Who Benefits from Globalization of Labor? Evidence from the 'Bosman Ruling'
Dafeng Xu ()
ERSA conference papers from European Regional Science Association
As an old Chinese proverb says, "visiting monks give better sermons." European soccer clubs also believe this, and have always been seeking for foreign players to boost competitiveness. However, due to the reason of protectionism, there were restrictions that each club was only allowed to field up to three foreign players. In 1995, the "Bosman Ruling" was made, resulting that restrictions on foreign players were widely relaxed for soccer clubs in the European Union (EU), and the European soccer market has become highly globalized since then. Due to the nature of soccer competitions, it is impossible that the "Bosman Ruling" improves sporting performance for all clubs. It thus raises a question: who benefits from globalization of labor? From the perspective of economic inequality, will this ruling affect competitive balance of soccer leagues in Europe? This paper examines the pre- and post-Bosman change of the sporting performance distance between previously strong clubs and lower-ranking clubs in 32 premier soccer leagues in Europe. We notice the problem in the previous literature that estimations of the treatment effect of the "Bosman Ruling" are confounded with other soccer policy and rule changes. To solve this problem, we employ Difference-in-Difference-in-Differences (DDD) to control for omitted variables. Because the "Bosman Ruling" was made within the EU, it naturally created a Bosman region and a non-Bosman region. Using DDD, the treatment effect of the "Bosman Ruling" is identified at the distance-region-period level. Based on two sporting performance measures, i.e., the points per match and the goal difference per match, we estimate that the distance between previously strong and lower-ranking clubs increased by at least 20% in the post-Bosman period. Somewhat surprisingly, it is the distance between previously strong and median-ranking clubs that increased most, though the general pattern is that all lower-ranking clubs suffered loss. We also conduct IV regressions of the pre- and post-Bosman change of the distance between previously strong and lower-ranking clubs on the pre- and post-Bosman change of the number of foreign players in previously strong clubs. OLS can raise the endogeneity problem because sporting performance might also affect transfer decisions of foreign players. Therefore, we use the treatment variable (i.e., the dummy describing whether the club is in the Bosman region) as the instrument of the regressor, i.e., pre- and post-Bosman change of the number of foreign players. Similar with DDD estimations, we find that the influx of foreign players caused that the distance between previously strong and lower-ranking clubs increased after the "Bosman Ruling". Using both DDD and IV, we observe that previously strong clubs significantly benefited from globalization of labor. Soccer leagues in Europe became more unbalanced after the "Bosman Ruling".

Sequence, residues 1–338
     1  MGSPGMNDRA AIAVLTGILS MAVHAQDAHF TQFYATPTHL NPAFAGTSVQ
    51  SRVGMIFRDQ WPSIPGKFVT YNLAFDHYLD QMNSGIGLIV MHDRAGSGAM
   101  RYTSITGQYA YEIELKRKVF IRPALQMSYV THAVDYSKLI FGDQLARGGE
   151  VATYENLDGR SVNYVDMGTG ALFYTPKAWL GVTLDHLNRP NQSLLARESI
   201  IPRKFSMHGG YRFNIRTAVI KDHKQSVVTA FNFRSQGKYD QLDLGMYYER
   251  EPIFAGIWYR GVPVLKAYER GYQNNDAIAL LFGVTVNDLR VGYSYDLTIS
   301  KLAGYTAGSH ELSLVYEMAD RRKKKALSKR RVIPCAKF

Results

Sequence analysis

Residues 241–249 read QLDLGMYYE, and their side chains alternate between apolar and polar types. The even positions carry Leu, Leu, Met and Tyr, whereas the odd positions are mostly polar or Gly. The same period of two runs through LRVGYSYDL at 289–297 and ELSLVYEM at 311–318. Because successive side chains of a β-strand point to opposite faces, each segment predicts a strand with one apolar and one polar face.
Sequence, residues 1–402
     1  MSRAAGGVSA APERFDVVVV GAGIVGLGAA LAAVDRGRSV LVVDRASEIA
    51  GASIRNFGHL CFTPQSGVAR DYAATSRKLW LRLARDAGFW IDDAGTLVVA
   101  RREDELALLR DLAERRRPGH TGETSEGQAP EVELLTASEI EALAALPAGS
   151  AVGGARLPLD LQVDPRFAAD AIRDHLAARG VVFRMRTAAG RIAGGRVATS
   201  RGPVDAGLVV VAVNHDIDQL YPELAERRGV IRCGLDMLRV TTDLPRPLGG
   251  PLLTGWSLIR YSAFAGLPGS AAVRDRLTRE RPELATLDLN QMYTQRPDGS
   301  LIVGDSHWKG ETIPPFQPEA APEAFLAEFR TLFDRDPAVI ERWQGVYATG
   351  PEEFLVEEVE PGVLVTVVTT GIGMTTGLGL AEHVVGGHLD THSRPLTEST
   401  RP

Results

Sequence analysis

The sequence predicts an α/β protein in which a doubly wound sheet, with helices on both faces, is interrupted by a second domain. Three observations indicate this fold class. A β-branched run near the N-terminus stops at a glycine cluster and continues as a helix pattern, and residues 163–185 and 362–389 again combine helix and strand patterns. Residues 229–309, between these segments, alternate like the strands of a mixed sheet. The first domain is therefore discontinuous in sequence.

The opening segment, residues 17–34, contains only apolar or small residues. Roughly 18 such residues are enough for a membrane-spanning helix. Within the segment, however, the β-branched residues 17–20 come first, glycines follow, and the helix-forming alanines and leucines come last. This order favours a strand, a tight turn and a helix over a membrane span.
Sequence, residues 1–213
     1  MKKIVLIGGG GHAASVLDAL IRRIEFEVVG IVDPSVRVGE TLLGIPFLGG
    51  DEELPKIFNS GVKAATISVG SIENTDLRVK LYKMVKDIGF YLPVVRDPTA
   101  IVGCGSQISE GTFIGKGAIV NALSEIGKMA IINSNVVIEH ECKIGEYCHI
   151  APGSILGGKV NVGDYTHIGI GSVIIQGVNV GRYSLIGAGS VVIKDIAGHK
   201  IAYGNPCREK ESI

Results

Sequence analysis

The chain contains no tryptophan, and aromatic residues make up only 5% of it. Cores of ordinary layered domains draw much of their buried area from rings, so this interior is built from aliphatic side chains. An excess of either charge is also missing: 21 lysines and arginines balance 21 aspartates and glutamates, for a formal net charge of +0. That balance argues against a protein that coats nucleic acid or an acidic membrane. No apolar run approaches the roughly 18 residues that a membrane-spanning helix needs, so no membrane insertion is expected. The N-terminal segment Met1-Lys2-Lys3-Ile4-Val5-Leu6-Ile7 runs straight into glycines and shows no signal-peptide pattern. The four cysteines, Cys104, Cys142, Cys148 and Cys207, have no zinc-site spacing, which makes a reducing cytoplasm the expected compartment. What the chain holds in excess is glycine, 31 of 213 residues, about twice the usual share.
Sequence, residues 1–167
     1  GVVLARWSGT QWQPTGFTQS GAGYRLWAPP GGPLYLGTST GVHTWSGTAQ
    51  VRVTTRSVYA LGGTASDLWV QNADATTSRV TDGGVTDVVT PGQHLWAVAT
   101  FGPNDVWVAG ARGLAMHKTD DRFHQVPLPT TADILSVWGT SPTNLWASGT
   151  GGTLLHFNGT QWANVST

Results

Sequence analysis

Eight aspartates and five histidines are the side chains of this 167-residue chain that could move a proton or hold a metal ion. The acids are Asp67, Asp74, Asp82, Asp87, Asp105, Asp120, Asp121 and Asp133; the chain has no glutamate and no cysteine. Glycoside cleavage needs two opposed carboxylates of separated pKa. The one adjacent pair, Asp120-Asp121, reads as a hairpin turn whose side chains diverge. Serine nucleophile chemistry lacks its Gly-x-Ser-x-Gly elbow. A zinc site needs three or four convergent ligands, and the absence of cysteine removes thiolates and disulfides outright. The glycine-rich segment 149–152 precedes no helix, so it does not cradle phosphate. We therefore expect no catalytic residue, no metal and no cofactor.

JEL-codes: F66 L83 P25 R23 (search for similar items in EconPapers)
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